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Tuesday, May 24, 2022

The Duke and Duchess of Cambridge bid farewell to Jamaica in a convertible Land Rover

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With all the talk of getting rid of the monarchy, the military parade attended by the Duke and Duchess of Cambridge under the scorching Jamaican sun had the feel of a delivery.

But William and Kate pulled out all the stops to put on a first-class performance on Thursday, one that had echoes of the Queen’s visits from a bygone era.

The couple, on the final day of their visit to Jamaica before heading to the Bahamas, enjoyed a ride in the Queen’s Jamaican Land Rover on their final engagement in the country.

Prince William, looking dapper in his No. 1 Tropical Blues and Royals gown for the first time, and Kate, elegant in cream Alexander McQueen with a Philip Treacy hat, boarded the vehicle that transported the Queen and Prince Philip on his visit to the Caribbean island in 1962.

The Cambridges attended the inaugural commissioning parade for service personnel from across the Caribbean who recently completed the Caribbean Military Academy Officer Training Program.

As his wife took a seat in the stands alongside the Governor General, the Prime Minister and the Leader of the Opposition, the Duke received the royal salute before inspecting the parade.

(PA cord)

William stood at attention on a dais as newly qualified soldiers passed him, while Kate watched proudly.

The commissioning parade was made up of seventy-nine officer cadets from across the Caribbean, including Jamaica, Antigua and Barbuda, Barbados, and Guyana St Kitts.

A series of parades were held, beginning with one by the President’s platoon, with the Duke standing to pay attention to each.

Once the marches were over, he took the microphone to give a speech.

In his speech, William said he was honored to represent the Queen, telling the graduates: “I have stood out in many pageants as you do now, proud of my achievements but also hoping that the Officer of Review be brief.

    (False images)

(False images)

“This is even more important today as we bask in the glorious Jamaican sunshine.

“I know very well from my own time at the Royal Military Academy Sandhurst what a formative experience this year will have been.

“Today marks the successful completion of their training program in the classrooms, on the parade grounds and in the exercise areas.

“But remember, this is just the beginning.

“Because now the hard work really begins, when he joins his units and takes command.

“You graduate today as officers in an uncertain world.

    (PA cord)

(PA cord)

“In your future service, you will have to deal with broader climate, geological, criminal, and state and non-state threats to our collective security and prosperity.

“To be asked to guide men and women through uncertainty and danger is overwhelming.

“You never know how strong you are, until being strong is your only option.

“From here on, the onus is on you to become the leaders you’ve been taught in your textbooks, seen on your screens, and witnessed by your instructors.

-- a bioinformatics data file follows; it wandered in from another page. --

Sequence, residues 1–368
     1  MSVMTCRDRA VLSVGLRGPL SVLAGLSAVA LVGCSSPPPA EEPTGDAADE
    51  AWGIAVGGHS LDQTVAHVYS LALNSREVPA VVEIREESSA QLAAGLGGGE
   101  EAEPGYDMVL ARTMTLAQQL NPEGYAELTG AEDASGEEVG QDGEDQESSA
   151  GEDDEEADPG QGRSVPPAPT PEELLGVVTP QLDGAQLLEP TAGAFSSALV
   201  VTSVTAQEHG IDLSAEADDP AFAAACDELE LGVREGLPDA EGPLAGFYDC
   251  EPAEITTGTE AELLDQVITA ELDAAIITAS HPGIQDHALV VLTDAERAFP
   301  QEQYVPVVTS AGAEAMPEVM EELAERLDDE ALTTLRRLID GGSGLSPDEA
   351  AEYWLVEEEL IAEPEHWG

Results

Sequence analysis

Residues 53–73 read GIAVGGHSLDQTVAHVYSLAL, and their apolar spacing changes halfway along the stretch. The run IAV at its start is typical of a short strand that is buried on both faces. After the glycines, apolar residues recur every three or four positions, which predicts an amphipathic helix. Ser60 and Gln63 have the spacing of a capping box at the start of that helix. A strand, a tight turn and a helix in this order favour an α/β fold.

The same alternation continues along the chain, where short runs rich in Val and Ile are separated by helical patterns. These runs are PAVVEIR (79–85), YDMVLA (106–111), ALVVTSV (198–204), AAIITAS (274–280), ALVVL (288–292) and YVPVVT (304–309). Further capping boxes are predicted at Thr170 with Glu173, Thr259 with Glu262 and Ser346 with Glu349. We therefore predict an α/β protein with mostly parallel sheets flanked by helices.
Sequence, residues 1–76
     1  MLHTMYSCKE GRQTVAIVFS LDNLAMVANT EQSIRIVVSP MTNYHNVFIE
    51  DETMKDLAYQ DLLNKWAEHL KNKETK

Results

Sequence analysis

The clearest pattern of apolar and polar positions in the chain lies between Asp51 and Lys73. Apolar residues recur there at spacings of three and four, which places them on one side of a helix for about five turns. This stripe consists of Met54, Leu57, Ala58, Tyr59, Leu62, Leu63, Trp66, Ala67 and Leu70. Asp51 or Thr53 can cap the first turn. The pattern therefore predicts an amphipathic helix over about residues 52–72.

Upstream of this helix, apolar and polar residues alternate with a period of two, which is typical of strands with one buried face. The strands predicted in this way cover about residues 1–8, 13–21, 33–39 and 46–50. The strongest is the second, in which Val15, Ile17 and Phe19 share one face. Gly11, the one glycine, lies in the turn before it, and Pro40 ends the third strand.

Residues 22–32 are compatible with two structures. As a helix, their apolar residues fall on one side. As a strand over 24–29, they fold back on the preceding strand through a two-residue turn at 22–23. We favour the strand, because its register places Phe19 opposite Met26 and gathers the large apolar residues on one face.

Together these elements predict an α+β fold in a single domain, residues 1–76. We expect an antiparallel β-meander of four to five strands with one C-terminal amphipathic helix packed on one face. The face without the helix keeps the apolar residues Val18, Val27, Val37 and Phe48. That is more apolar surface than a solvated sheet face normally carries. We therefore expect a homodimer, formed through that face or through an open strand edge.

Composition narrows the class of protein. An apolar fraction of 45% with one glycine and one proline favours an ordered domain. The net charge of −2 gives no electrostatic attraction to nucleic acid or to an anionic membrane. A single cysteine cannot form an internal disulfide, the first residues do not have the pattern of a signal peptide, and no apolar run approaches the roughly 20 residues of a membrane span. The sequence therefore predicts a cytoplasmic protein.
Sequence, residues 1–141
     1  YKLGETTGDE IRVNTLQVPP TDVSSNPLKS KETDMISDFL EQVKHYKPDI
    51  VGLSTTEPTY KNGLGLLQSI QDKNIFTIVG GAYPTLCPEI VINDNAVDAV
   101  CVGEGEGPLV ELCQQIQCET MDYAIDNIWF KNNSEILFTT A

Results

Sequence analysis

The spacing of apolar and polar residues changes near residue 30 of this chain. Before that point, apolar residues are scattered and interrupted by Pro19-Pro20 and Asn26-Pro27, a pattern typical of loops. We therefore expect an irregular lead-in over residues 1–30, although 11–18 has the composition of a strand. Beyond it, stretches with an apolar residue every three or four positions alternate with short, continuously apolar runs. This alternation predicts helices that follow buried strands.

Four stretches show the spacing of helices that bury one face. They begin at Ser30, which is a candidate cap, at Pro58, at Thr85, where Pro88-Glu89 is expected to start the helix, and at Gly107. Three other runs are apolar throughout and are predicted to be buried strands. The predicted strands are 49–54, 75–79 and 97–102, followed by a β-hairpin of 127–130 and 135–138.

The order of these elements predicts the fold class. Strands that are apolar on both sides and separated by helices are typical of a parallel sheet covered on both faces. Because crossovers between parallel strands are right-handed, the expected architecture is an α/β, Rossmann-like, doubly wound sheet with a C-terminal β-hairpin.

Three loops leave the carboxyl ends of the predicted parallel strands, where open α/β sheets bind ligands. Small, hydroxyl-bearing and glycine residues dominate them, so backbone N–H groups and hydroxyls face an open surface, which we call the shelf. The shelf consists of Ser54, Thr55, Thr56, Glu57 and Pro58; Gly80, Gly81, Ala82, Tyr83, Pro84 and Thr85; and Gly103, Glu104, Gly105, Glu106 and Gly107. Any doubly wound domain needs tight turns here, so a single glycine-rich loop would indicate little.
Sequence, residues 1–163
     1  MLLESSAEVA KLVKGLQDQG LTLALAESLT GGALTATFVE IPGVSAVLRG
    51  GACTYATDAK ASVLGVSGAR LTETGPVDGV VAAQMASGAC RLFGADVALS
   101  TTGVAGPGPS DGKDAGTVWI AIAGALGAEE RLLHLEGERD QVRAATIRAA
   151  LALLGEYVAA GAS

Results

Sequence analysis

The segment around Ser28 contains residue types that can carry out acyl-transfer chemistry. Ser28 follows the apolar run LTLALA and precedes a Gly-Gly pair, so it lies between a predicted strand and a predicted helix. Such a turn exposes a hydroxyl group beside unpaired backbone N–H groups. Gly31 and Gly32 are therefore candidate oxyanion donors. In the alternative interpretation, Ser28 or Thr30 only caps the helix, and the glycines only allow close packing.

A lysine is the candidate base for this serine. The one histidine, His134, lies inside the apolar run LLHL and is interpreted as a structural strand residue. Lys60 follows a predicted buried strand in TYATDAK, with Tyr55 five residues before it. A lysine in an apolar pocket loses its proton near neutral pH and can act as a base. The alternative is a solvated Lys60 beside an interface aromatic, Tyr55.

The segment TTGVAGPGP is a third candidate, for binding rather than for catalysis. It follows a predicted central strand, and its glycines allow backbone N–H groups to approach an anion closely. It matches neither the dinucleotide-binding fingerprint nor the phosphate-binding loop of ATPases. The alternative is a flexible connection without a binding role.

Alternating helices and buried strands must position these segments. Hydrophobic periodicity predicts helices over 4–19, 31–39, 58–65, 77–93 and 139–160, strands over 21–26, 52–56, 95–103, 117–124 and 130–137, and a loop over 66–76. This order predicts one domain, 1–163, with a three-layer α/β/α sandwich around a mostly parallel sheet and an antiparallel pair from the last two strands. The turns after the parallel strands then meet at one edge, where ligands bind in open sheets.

“Good leadership is difficult to define, but it is easy to recognize in others.”

He added: “Everyone should be incredibly proud of their achievement and the young officers who turned out so smart in front of us today.

    (False images)

(False images)

“Their collective collaboration and success is a testament to the continued excellent advocacy relationship between Jamaica and the UK.”

Both William and Kate presented awards of excellence to several of the outstanding mosh cadets, as well as Swords of Honour.

A final royal salute was made before departing in the Ceremonial Land Rover for a reception with newly commissioned officers and staff at the Jamaican Officers’ Club.

Kate cautiously walked to the rear of the vehicle up three red velvet steps with the help of her husband because of her heels.

William then joined her and they stood holding onto the handlebars as the vehicle slowly pulled out of work with a motorcycle escort.

As they did, the crowd was told that the pristine Land Rover was purchased by the Jamaica Defense Force in 1962, the same year it was first used by the Queen.

It has only 2,342 kilometers on the clock since it was built in 1958.

After freshening up they walked to the officers’ club, Kate hanging by her hat in the gusty weather.

Inside, they split up to talk to several different groups of soldiers and their families.

William chatted with a group of Sandhurst officers who have been helping to organize the officer training program for the past 18 months.

“I think his workout was pretty good,” he said. “Really impressive.”

Among the people he spoke to was Captain Matt Tiley, who had worked as a stable boy in the Royal Mews at Buckingham Palace for four years before joining the army and passing out in Sandburg. He is now an instructor there with the Marne Company.

He said: “It has been a great honor to work with them. They have all been so enthusiastic. The Duke clearly has fond memories of Sandhust.”

William told another group that they should take time to enjoy the day with their families like he did. “They should be very proud of you,” he said.

He and the Duchess signed a guest book before leaving to change for their official departure from Jamaica.


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